Inter-religious group calls for solidarity amid terror attacks  

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CAGAYAN DE ORO CITY — Christian and Muslim leaders here came together in time for the World Interfaith Harmony Week to denounce the recent bombings in some parts of Mindanao, as they called on all sectors to unite in the face of violence that many feared aims to sow sectarian discord.

During an interfaith prayer rally held at the Divisoria area on Saturday morning, religious and secular leaders made statements condemning the double bomb attack on the Cathedral of Our Lady of Mount Carmel in Jolo, Sulu on January 27, and the bombing of the Masjid Kamahardikaan in Zamboanga City on January 30.

The activity was organized by the Interfaith Forum for Peace, Harmony, and Solidarity composed of officials of different Christian denominations and Islamic institutions.

The World Interfaith Harmony Week is observed every February 1 to 7.

At least 22 people were killed and more than 100 others were injured in the Jolo explosions, while the attack in Zamboanga claimed the lives of two individuals and wounded three persons.

Msgr. Rey Monsanto, a Roman Catholic priest, said there was a sense of fear among the church’s clergy the recent attacks would spark more conflict.

“We were apprehensive that Christians and Muslims will begin blaming each other and this will escalate into a religious war, which will then lead to the death of what we have worked for – peace and unity in Mindanao,” Monsanto said.

If this happens, he said, those who spread terrorism that use religion as their excuse to wage war will win.

However, Monsanto said, “Terrorism has no religion. They will use religion for their evil work. We are praying that what happened will not result in blaming each other and that terrorism will be eliminated.”

Archbishop Antonio Ledesma expressed the same view saying that the bombings may “disturb the peace process that started with the ratification of the (Bangsamoro Organic Law).”

The attacks occurred just days after the voters in the core territories of the Autonomous Region in Muslim Mindanao (ARMM) took part in the plebiscite that would ratify Republic Act No. 11054, or the Bangsamoro Organic Law (BOL), last January 21.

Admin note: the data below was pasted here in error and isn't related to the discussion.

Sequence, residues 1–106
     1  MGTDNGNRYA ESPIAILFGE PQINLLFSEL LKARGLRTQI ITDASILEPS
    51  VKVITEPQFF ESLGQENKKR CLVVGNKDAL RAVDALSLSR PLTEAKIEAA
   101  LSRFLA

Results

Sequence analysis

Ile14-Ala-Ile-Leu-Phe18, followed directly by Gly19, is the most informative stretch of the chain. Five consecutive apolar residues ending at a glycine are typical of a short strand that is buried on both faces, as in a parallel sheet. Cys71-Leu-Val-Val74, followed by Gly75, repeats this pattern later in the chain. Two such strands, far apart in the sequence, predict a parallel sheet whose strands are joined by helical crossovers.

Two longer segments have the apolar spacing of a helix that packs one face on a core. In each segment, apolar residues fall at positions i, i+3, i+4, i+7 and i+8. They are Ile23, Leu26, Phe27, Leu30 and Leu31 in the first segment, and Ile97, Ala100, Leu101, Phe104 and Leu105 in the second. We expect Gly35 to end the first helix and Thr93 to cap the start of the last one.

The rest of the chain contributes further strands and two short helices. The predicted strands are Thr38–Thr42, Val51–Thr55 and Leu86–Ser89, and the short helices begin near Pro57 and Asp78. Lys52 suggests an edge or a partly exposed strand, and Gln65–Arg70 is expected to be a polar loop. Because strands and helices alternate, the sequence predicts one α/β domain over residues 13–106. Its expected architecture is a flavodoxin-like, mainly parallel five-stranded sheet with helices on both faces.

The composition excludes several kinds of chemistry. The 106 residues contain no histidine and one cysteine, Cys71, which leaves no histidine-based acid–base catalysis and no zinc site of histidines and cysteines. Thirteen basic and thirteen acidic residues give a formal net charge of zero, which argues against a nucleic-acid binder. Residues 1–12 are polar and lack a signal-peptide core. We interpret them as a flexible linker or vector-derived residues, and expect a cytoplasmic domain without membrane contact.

“I am urging you that we must not follow the path to violence but to the path of peace for all,” Ledesma said.

Quoting an official statement of the National Commission on Muslim Filipinos (NCMF), “any act of violence against one citizen of the State is an act of violence against the whole nation, regardless of religion, despite political affiliations.”

“These bombings had killed and injured Filipinos, and the masterminds behind these acts have caused harm to the entire nation in a divisive effort to further widen the gap between Muslims and Christians,” said Abdulnasser Masorong, NCMF 10 (Northern Mindanao) director.

He said “neither religion condones acts, which cause harm and death to those who want peace, to those who came to worship God. Let us just take it as what it is, criminal acts against the Republic of the Philippines.”

Alec Mohammad, an official of the United Ulama 10 based in this city, said the attacks were “an act of cowardice, a malicious intent to undermine and strain the long and harmonious relationship and bond (among) Muslims, Christians and Lumad.”

Mohammad said the violence “will not break the spirit of the long-standing relationship” among Mindanao’s peoples. –PNA

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